Like Urnov and Conallen’s Malvolio, these characters weren’t bathed in a redemptive or salvific light. Edging right up to speaking, only to retreat to silence, the characters’ inability to express themselves was of a piece with the critique of masculinity in Those with 2 Clocks. But in this scene, that inability came across as endearing rather than evasive. For it was fishing, ultimately, that became the language that communicated all they had to say. The characters’ sinking into the routine of their hobby conveyed so much of their unspoken vulnerabilities, and Conda and Kidd embodied that softness, that quietness, to a tee. That little to nothing happened on stage was the point: the sheer duration of the scene allowed us to access the inner lives of these men who only know how to open up to each other through their reflections on the glassy surface of water.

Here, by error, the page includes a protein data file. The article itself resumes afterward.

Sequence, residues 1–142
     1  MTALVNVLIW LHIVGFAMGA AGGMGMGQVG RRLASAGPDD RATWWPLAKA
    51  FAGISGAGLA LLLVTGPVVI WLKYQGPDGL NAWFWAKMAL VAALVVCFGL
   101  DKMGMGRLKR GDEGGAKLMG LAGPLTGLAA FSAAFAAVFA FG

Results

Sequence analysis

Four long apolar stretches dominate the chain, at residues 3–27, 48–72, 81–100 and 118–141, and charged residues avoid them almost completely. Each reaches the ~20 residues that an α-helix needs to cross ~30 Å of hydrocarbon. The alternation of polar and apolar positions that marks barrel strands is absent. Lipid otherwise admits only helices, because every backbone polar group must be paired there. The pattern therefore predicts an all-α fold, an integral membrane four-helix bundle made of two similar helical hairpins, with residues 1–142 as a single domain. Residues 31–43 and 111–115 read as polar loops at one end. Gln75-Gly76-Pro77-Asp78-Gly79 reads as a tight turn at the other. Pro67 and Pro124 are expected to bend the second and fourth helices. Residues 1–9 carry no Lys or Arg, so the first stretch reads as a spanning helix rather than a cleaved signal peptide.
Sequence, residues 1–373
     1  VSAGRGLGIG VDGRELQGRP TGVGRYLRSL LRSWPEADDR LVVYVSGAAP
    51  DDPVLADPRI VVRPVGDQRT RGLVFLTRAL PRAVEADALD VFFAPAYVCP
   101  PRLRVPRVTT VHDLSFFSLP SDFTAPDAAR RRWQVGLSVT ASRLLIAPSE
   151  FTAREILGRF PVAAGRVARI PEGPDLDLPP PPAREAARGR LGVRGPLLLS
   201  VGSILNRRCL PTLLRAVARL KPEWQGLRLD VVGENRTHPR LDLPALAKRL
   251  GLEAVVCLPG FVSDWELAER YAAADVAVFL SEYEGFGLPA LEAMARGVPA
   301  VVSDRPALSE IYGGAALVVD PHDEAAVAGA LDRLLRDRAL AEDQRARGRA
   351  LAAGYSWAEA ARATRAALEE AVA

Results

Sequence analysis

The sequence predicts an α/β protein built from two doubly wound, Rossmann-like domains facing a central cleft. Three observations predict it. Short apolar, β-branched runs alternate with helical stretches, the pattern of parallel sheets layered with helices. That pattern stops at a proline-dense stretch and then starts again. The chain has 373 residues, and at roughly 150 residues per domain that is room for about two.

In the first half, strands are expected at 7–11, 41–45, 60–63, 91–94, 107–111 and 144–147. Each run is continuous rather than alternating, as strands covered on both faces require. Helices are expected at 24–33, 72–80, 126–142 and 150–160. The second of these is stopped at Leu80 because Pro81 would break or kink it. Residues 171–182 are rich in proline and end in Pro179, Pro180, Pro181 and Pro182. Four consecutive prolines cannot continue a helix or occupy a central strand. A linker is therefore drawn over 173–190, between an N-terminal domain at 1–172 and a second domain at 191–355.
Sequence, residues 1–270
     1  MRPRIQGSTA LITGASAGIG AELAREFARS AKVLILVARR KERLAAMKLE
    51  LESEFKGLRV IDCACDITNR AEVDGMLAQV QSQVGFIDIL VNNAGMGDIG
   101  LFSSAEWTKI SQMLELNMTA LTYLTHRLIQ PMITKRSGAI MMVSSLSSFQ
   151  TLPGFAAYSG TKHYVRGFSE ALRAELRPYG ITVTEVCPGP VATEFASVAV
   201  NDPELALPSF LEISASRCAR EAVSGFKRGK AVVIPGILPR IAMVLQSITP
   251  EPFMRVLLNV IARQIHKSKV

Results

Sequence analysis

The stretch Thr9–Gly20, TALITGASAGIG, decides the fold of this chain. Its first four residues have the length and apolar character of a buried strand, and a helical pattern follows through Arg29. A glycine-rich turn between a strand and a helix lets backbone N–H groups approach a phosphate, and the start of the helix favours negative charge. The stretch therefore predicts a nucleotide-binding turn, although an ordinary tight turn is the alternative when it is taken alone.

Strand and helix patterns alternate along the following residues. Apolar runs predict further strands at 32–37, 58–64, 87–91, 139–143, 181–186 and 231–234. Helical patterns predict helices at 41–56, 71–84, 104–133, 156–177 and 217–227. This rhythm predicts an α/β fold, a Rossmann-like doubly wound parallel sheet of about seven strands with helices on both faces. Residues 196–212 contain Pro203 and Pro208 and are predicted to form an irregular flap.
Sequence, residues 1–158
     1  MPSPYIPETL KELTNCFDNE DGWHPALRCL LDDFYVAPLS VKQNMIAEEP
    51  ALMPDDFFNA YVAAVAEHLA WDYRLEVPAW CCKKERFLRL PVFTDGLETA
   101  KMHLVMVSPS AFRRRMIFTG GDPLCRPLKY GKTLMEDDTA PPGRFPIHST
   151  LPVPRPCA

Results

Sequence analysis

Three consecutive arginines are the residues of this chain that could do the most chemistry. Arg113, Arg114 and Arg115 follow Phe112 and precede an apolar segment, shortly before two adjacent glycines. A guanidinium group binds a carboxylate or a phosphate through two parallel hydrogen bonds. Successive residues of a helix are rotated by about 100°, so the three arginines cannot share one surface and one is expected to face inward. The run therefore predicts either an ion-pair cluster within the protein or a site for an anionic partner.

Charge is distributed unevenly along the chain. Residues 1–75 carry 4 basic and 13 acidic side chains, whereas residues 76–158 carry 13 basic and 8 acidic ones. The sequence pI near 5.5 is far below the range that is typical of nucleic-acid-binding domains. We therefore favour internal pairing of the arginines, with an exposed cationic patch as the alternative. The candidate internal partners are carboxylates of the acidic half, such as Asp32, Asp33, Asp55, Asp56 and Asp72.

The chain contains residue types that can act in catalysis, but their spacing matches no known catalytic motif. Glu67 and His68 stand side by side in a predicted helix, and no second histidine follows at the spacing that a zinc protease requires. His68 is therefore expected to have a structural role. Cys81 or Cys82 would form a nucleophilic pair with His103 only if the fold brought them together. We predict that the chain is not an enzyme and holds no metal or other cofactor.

The depth of this portrayal came back to me in a flash the moment I saw Malvolio and Andrew sit next to each other. My recognition was what the Wilma’s season had been preparing me for all along. Let me explain. As a season ticket subscriber, I have come to appreciate the Artistic Director’s role in curating an entire season of productions, with an eye toward drawing out the resonances between compelling, diverse fare. The idea, I’ve surmised, is not to standardize works that vary widely in conception, dialogue, staging, and characterization, to say nothing of cultural and geographical contexts. The idea, rather, is to let those natural differences come through in a commitment to an original vision, a Wilma vision, of what theater can do in any one performance and across a series of performances. That the fishing scene in Those with 2 Clocks stuck with me, only to have it referenced by the fishing scene in Twelfth Night months later, was made possible by performances that made me feel here, right here, utterly in the moment and thus able to receive what these two very different works might mean for me. Those meanings blend with different layers of memory and accrue over time. But without that initial, lasting impression, the performances would simply fade away.